Running this practice. Oh, sorry. Do you go ahead. I was gonna say is kind of like a practice I've done the start and stop and start and stop and start and stop my whole life. Uh, I was in a running big time in my thirties before I have kids before I had kids. My oldest is 16, just turned 16, like two days ago. And my youngest is 14, just turned 14 a month ago. And before I had kids, that was my jam. Like my husband and I would sign up for five Ks every weekend. And that's what we did. We would run a 5k to every weekend to get the t-shirt. And we did that for a solid five years. We ran the Detroit free press. A couple of times I ran the Toronto marathon. Once I ran around the Bay, which was my favorite, the was my favorite because it's 19.3 or two miles, listen around the bays . No joke. And I like it because it's just short. Cause I hit my, when I used to run marathons, I hit my wall at 20. It doesn't matter how long my long run is. I could run 23 miles for my long run. For whatever reason is I start out too fast in the marathon pace. I hit mile 20. And my body's like, okay, we ran 20 miles, bro . And I have to say to my body, 10 K people, 10 K 10 K to the end, 10 K to the end. But I ran around the Bay and loved it. I even loved suicide Hill at the end where the grim reapers on the bottom of this Hill, I was like, you can't, you got nothing on me. I already ran. Miles is nothing. And you know, I left my girlfriend in the dust one year. She's like, where'd you get this pickup ? And like, when I see the finish line, I'm out, like, I'm just like, I'm going to get to stop running and there's going to be snacks. But , uh, but yeah, I really did a lot of it in my thirties. And then I got pregnant and had a couple babies and I just couldn't, I couldn't get my groove back. Like pushing them in the double stroller was hell like you're running like Iran for me. And then when they had to come along and I had to have snacks and we had to stop and look at flowers, then I was like, you know what? I need to go at a time when I don't have to bring these two individuals with me. Cause pushing that double running stroller, I'm telling you everybody in this area, I knew me because I had this huge double stroller and it got to the point that I would put them in and then they would fall asleep. Oh, perfect. I would treat it at nap time. So I would run around with it. But they started getting too smart for it, bringing them outside. But they were going in the stroller and they were going to nap time . So then they would both start throwing a fit and get upset. Oh yeah . So that was kind of over after that I had the double stroller and they get heavy, like pushing sometimes like 40, 60 pounds while you're running. Like I watched this woman run a marathon and do a sub four hour marathon where she had a double stroller. And I said, hats off to you because I quit . Like I tried to do the Terry Fox run when Nathan and Nathan was not happening . He was just like, I'm getting out. And I want to sit by the side of the road and look at things. I'm like, dude, can I just finish this ?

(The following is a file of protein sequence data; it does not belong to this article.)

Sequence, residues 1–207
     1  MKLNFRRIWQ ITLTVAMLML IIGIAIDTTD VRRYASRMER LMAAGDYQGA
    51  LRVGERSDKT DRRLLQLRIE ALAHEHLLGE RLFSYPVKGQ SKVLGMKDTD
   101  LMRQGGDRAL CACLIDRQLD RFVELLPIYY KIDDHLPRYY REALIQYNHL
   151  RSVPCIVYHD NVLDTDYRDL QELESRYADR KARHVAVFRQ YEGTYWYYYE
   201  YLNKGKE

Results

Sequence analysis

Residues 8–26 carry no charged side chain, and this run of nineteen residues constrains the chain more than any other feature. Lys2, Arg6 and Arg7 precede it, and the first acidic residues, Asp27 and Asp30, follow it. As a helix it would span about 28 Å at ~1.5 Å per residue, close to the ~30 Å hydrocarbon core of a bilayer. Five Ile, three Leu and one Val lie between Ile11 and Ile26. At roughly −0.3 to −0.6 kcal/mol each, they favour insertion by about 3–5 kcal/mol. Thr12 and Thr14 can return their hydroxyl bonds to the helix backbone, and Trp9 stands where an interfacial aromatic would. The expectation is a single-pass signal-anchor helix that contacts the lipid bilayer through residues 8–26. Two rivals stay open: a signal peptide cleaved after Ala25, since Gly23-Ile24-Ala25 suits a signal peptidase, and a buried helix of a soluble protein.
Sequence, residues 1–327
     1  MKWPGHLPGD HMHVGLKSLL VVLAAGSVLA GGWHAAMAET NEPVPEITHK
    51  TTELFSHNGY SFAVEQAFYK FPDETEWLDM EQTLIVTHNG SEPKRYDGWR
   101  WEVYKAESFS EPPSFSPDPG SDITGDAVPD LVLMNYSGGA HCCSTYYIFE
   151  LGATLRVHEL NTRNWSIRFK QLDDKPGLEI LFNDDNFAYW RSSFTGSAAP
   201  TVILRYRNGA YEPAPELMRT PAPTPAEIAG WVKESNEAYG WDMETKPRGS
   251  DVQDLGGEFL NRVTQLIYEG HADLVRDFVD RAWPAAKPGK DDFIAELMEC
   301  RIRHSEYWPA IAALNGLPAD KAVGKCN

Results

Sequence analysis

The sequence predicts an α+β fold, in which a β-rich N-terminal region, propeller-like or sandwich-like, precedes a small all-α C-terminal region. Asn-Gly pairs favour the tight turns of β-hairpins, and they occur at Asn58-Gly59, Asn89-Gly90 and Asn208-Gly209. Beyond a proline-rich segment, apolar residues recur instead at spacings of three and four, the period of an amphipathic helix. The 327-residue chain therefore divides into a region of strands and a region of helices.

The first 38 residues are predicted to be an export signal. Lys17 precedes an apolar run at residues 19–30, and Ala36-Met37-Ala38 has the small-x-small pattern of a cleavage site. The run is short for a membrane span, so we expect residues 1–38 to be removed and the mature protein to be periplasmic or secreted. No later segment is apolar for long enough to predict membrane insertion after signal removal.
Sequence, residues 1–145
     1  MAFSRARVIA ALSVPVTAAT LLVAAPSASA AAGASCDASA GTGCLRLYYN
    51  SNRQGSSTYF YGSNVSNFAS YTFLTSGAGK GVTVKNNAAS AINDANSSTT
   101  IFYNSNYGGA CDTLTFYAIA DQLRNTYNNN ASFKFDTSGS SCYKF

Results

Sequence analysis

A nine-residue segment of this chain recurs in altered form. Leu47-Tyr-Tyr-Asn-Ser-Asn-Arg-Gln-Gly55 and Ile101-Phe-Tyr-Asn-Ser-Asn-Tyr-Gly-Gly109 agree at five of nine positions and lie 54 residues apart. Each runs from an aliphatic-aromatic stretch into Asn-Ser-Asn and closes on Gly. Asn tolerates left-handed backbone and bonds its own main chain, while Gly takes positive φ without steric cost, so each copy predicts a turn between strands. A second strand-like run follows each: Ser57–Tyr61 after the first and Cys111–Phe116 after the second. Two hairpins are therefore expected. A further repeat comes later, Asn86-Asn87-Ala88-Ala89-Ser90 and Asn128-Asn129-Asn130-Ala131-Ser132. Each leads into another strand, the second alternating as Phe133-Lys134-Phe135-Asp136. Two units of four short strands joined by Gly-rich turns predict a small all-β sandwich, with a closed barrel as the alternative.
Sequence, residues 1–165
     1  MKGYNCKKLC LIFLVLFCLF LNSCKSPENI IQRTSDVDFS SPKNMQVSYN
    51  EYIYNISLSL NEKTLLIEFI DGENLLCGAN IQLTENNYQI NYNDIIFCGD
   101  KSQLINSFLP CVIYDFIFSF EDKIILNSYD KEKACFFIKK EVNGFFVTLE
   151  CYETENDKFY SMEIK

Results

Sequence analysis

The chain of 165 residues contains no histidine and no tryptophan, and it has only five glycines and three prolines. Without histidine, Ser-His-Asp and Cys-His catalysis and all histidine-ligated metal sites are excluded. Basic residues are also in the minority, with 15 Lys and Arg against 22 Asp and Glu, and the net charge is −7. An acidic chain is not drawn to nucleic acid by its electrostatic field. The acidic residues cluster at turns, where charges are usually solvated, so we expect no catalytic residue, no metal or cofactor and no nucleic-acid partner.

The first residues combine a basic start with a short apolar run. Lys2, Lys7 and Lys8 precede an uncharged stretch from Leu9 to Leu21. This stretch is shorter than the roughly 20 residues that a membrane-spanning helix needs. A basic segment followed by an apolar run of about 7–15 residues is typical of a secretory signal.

Speaker 3:

Well , I never took to that. I mean, that was why the mornings was my secret weapon. I would, I would creep out when everyone was sleeping, I'd leave her room . I would say that is out for a run. Be back at this time. And then I would creep out like a deep in the night push anything. But Hey , around the Bay is an Epic ride . It's you said you liked that heal . People don't even like to drive up that Hill. It's

Speaker 1:

It's serious. It literally looks straight up. It looks straight.

Speaker 3:

It's brutal, but it's, it's a special one too, because it finishes in the stadium, which is really a cool experience. So like you, you run down and you can see the stadium in front of you. And then it just sort of curves underneath the building. Like you're in the Olympics and you shoot and the finish lines in the middle of the stadium. So like it's, it's a really, really cool and unique experience to finish that way. So

Speaker 1:

It is, it's very similar to running the Detroit free press. It also finishes, it produces that Ford field and it's the very same feeling you come around and you run through the stadium , you put your arms out, like, you know what I mean? Like you're running the Olympics. And then somebody at the end comes with the foil blanket. And it's, that was our jam for a long time. My husband, before we had kids and my husband had before we had kids, that's all we did was run. That was, that was my yoga. That was my connection to my body. But what I liked what you said , um , about running, when we were talking about how you got started, how you see all kinds of bodies running, because I just sort of following a running group in Toronto called I think it's black, black people running black folks running anyway. It's a, it's a group where a few days ago they were talking about how there's no one way to look like a runner. Like you said, people with disabilities run, you know, people in large bodies, small bodies fit bodies, what we consider not so fit bodies, all those Bonnie's run. And I can't tell you how many questions I get in my social media. Like, do you think I can run? How do you get started? I had a person reach out to me about a month ago and say, I'm going to run a 5k. Should I get gels? Should I get gels ? I'm like 5k. I think you're going to be okay. Not to get a gel. Like, should I carry a water bottle only if you want to, because you're not. I just realized that she was just going to run it. Like she signed up for a 5k and thought she had to run it. And I'm like, you can walk it or you can walk, run it. But I didn't encourage her to start a 5k and just run it that day. Like there was no training. She was asking me all these questions. I'm like, Oh, you've never run a 5k. Yeah . Well not today. Don't yeah. Don't,